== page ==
The NPS was about to begin a GMP for New River Gorge National River when Congress enacted the 2004 directive. As part of the GMP, it was decided that the NPS would undertake an extensive public involvement process on the issue of hunting within the park. The draft GMP includes four action alternatives; three of those alternatives would allow continued hunting within the park. About 300 people attended one or more of the three public meetings held on the hunting issue, and the public was overwhelmingly in favor of the continuation of hunting at New River Gorge National River. The draft GMP is being finalized, and we hope to release it for public review by the end of this year.
As part of the process to revise the GMP, the NPS contracted with the Virginia Tech Department of Fisheries and Wildlife Services to assess the impacts of hunting in the park. The assessment, which was finalized in 2006, concluded the "hunting conducted in accordance with existing laws and regulations should have no adverse impact on the fauna and flora within the boundaries of New River Gorge". We do not believe that enactment of this legislation would have any effect on this science-based assessment and its conclusions.
The NPS is cognizant of the importance of hunting to the local community as well as the ecological implications of hunting within New River Gorge National River. The "no hunting alternative" has proven to be very controversial with the State of West Virginia and with local hunters. However, the NPS has determined that under the existing legislation the park must include an analysis of the no hunting alternative to ensure that the requirements of the National Environmental Policy Act are adequately met. When the draft GMP is released for public review it will include a preferred alternative stating the NPS's position on continued hunting at New River Gorge National River, regardless of whether or not this legislation is enacted. After the GMP is completed, NPS would be required to promulgate a special regulation for any preferred alternative involving hunting on park lands within the national river.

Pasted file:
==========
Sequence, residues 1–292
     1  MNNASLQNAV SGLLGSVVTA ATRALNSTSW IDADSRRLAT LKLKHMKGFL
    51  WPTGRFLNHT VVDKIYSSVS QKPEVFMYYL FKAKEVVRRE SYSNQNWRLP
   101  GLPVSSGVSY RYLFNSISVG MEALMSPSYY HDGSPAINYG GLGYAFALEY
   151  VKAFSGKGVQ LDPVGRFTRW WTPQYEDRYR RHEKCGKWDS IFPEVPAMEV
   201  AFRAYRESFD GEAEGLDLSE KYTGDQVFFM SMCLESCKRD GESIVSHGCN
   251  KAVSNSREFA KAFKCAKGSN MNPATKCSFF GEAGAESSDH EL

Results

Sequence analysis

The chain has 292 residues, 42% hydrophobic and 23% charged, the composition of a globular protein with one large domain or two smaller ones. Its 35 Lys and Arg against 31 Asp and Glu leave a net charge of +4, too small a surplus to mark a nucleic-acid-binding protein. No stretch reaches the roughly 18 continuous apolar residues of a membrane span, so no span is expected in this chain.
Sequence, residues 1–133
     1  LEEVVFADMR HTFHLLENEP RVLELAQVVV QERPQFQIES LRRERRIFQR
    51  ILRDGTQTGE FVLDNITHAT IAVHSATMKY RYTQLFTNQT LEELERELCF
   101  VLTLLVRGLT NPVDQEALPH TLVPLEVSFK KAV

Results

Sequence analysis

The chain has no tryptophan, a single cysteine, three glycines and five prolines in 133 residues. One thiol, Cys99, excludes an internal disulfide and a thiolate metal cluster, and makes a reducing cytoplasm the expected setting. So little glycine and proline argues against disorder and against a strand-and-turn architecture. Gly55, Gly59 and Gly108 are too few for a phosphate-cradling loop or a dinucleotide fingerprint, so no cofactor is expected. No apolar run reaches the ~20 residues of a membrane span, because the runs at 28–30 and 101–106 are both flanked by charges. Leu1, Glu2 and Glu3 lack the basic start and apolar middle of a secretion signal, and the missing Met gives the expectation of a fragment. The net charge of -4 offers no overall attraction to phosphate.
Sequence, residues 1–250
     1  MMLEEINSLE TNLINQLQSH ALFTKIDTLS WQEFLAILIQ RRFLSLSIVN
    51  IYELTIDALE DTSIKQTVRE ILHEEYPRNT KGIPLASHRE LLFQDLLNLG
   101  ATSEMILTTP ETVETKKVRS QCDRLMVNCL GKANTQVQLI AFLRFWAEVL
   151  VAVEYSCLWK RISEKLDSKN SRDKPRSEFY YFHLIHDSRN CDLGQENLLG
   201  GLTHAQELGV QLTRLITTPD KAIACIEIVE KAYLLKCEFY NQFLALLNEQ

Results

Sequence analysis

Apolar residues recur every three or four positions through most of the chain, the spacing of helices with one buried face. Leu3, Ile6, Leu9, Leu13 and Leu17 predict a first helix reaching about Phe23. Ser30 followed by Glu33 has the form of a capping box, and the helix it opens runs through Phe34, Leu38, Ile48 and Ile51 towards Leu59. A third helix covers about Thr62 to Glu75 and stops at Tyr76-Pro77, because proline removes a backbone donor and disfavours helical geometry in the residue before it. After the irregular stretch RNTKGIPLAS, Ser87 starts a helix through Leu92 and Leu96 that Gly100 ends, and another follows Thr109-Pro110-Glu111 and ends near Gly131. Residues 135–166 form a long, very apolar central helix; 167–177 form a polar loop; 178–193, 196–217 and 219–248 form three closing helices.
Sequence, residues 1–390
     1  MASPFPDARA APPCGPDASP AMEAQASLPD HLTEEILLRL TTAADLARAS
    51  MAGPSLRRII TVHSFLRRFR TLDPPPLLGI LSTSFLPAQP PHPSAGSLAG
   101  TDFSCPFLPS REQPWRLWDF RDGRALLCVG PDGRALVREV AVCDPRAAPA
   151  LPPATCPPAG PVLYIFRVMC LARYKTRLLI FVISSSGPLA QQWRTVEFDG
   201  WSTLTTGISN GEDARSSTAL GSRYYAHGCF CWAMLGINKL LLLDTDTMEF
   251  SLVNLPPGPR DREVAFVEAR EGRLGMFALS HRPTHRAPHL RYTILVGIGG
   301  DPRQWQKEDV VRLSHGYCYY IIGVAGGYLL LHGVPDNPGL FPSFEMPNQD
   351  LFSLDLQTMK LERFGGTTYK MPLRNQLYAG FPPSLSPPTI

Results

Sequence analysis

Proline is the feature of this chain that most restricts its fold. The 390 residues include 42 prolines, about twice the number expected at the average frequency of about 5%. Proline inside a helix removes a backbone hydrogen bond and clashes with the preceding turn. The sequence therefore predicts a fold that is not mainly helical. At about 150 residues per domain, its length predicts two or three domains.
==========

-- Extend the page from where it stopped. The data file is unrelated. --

Executive Order 13443, "Facilitation of Hunting Heritage and Wildlife Conservation" was signed by President Bush on August 17, 2007, directing the Department of the Interior and other Cabinet officers to facilitate the expansion and enhancement of hunting opportunities and the management of game species and their habitat. We are pleased that H.R. 5137 is consistent with this direction and would provide a specific way to contribute toward the results of E.O. 13443.
That concludes my statement. I will be happy to answer any questions you or any members of the subcommittee may have.